In 2019, Latinos made up 15% of Utah’s population and at least 10% of Utahn’s speak Spanish. Thousands of multi-generational Latino families live in Utah and are a part of the state’s social fabric. Like all people who migrated to Utah since the 1840s, many Latinos made a life in Salt Lake’s west side. Their experiences add to Utah’s diversity despite the continued discrimination that most of them continue to face. Regardless, it was because of the Pioneer Park neighborhood’s populations of peoples who migrated to Utah from across the United States and around the globe that Latinos and other immigrants found economic opportunities and housing options available in the west side.
We hope you join us for our next Salt Lake West Side Stories post where we will explore the amenities that Pioneer Park offered residents of Salt Lake City during the early and mid-twentieth century.
Related Activity: Take some time to browse the digital exhibit “We Remember, We Celebrate, We Believe: Latinos in Utah,” which was curated by Professor Armando Solorzano. Solorzano toured his exhibit in its original form between 2002 and 2016, to scores of Utah junior high schools and high schools, also to county fairs and coffee shops, all free of charge. In 2017 as the director of the Utah Division of State History, I arranged for it purchase and its digitization, so Solorzano’s could refer people to the on-line site, and take a well deserved rest.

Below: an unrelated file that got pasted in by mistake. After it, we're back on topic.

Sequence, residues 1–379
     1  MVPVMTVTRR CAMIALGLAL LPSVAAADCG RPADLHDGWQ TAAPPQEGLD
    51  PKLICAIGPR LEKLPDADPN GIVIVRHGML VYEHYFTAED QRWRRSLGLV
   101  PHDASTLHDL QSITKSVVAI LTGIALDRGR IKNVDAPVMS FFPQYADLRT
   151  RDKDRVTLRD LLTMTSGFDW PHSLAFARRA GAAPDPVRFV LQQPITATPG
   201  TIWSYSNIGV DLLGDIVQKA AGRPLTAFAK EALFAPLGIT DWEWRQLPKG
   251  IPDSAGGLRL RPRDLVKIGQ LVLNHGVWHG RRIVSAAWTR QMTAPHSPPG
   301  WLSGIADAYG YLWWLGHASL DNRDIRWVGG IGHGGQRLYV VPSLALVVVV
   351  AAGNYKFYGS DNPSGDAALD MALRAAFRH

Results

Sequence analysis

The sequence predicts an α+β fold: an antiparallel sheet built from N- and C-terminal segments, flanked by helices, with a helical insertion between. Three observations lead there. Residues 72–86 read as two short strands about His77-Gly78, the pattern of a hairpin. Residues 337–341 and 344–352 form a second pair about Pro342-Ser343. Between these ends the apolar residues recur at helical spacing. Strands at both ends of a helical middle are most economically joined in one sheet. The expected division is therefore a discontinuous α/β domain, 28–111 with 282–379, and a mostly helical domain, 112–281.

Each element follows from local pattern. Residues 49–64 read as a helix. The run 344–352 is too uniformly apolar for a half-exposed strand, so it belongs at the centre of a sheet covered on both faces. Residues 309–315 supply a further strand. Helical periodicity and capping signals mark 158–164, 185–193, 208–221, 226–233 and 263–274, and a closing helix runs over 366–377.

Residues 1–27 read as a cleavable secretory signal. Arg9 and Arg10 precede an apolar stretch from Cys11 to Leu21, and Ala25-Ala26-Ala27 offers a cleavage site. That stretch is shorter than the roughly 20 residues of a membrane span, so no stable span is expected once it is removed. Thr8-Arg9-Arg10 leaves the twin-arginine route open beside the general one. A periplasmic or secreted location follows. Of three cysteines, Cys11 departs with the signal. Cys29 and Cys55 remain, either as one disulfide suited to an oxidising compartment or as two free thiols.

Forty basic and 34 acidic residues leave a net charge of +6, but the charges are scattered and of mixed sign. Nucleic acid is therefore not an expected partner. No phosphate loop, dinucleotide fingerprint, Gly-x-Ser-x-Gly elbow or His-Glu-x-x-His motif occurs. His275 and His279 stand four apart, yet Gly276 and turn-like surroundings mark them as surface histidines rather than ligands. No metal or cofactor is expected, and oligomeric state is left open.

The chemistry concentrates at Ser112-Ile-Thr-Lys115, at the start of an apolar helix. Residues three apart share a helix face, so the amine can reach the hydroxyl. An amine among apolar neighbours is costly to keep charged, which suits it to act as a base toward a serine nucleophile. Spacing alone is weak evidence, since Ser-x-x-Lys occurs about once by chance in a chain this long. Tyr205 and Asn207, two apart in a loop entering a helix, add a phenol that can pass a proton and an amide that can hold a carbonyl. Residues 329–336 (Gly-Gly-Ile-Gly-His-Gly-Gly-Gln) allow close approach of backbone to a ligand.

Do you have a question or comment? Write us at “ask a historian” – email@example.com
Contributors: A special thanks to Charles (Chuck) Salazar and Jennifer Macias for contributing to the contents of this post.
Jeffery Marcos Garcilaza, “Traqueros: Mexican Railroad Workers in the United States, 1870-1930,” in Al Filo: Mexican American Studies Series, Roberto R. Calderon, Ed., (Denton: University of North Texas Press, 2012).
Jorge Iber, Hispanics in the Mormon Zion, 1912–1999, College Station: Texas A&M University Press, 2000).
Vincent V. Mayer, et. al., Working Papers toward a History of the Spanish-speaking People of Utah: a report of research of the Mexican-American Documentation Project, American West Center, University of Utah, 1973, https://collections.lib.utah.edu/details?id=1396789&facet_setname_s=%22uum_awcrp%22&q=%28%28Night+AND+Club%29+AND+%28Salt+AND+Lake+AND+City%29%29+AND+%28dance%29
Jerald H. Merrill, “Fifty Years with a Future: Salt Lake’s Guadalupe Mission and Parish,” Utah Historical Quarterly, Vol. 40, No. 3 (1972): 242-264.
Gerald G. Nash, The American West in the 20th Century: A Short History of an Urban Oasis (Albuquerque: University of New Mexico Press, 1977), 32-33. Armando Solorzano, We Remember, We Celebrate, We Believe / Recuerdo, Celebración, y Esperanza: Latinos in Utah, University of Utah Press, 2014.